Open-end Spinning Definition
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Note: Open-end yarns are more coarse than ringspun yarns.

Open-end spinning is a technology for creating yarn without using a spindle.  It is also known as break spinning or rotor spinning.

 The principle behind open-end spinning is similar to that of a clothes dryer spinning full of sheets. If you could open the door and pull out a sheet, it would spin together as you pulled it out. Sliver from the card goes into the rotor, is spun into yarn and comes out, wrapped up on a bobbin, all ready to go to the next step. There is no roving stage or re-packaging on an auto-coner. This system is much less labor-intensive and faster than ring spinning with rotor speeds up to 140,000 rpm. The Rotor design is the key to the operation of the open-ended spinners. Each type of fiber may require a different rotor design for optimal product quality and processing speed.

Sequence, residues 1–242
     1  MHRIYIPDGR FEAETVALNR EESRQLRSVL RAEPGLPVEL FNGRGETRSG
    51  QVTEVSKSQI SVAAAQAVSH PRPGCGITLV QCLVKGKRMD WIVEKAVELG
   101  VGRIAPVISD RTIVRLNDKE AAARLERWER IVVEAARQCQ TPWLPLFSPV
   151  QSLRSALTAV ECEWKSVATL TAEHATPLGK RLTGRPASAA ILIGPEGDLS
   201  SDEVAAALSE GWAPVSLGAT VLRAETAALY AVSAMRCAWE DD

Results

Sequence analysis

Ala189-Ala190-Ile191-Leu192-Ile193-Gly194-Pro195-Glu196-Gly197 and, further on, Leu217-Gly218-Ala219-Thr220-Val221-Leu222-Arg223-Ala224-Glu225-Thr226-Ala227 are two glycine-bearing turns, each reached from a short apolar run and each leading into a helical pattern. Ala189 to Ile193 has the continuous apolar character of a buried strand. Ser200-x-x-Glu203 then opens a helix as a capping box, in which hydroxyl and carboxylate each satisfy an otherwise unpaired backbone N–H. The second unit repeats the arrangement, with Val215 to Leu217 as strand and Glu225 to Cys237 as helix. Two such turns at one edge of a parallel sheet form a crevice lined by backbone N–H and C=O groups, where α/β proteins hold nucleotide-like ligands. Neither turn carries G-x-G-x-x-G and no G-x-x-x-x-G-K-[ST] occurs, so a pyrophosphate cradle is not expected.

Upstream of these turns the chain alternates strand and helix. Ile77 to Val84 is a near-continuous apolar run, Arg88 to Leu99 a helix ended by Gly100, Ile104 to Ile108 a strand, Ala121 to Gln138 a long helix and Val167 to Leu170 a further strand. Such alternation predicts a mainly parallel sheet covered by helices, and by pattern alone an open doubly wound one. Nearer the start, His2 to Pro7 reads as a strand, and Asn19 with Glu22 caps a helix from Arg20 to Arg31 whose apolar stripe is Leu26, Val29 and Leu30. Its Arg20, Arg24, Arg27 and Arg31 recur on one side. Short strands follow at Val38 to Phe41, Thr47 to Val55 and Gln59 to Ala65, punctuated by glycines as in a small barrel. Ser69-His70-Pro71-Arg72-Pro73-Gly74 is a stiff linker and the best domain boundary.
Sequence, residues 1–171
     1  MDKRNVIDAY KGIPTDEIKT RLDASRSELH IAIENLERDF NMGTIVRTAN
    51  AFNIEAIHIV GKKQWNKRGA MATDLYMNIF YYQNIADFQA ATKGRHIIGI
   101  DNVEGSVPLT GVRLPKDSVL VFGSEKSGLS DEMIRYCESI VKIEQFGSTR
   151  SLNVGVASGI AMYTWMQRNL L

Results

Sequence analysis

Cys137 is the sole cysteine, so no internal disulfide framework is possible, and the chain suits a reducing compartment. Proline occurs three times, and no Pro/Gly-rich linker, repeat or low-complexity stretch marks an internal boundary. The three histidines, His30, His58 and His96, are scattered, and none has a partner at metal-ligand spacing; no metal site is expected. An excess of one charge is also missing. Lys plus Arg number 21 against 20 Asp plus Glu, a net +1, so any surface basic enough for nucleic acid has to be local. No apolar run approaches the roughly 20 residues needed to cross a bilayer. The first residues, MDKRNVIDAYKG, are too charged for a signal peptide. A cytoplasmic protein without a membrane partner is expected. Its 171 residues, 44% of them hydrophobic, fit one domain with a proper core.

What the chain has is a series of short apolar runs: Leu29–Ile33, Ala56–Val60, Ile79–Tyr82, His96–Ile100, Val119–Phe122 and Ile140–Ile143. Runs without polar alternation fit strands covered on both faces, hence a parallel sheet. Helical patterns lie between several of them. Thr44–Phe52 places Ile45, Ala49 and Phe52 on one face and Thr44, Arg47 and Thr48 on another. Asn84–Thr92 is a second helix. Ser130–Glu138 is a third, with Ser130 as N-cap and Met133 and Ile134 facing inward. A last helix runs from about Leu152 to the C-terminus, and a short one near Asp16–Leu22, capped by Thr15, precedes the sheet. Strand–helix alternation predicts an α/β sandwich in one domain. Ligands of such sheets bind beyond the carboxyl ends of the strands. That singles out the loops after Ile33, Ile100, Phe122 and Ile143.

It was invented and developed in Czechoslovakia in Výzkumný ústav bavlnářský / Cotton Research Institute in Ústí nad Orlicí in 1963.

One disadvantage of open-end spinning is that it is limited to coarser counts, another is the structure of the yarn itself with fibers less in parallel compared to ring-spun yarns, for example, consequently cloth made from open-end yarn has a "fuzzier" feel and poorer wear resistance.

You should also take some time to learn about ringspun yarns & fabrics.

The above article is licensed under the GNU Free Documentation License. From Wikipedia, the free encyclopedia (  5/11/05

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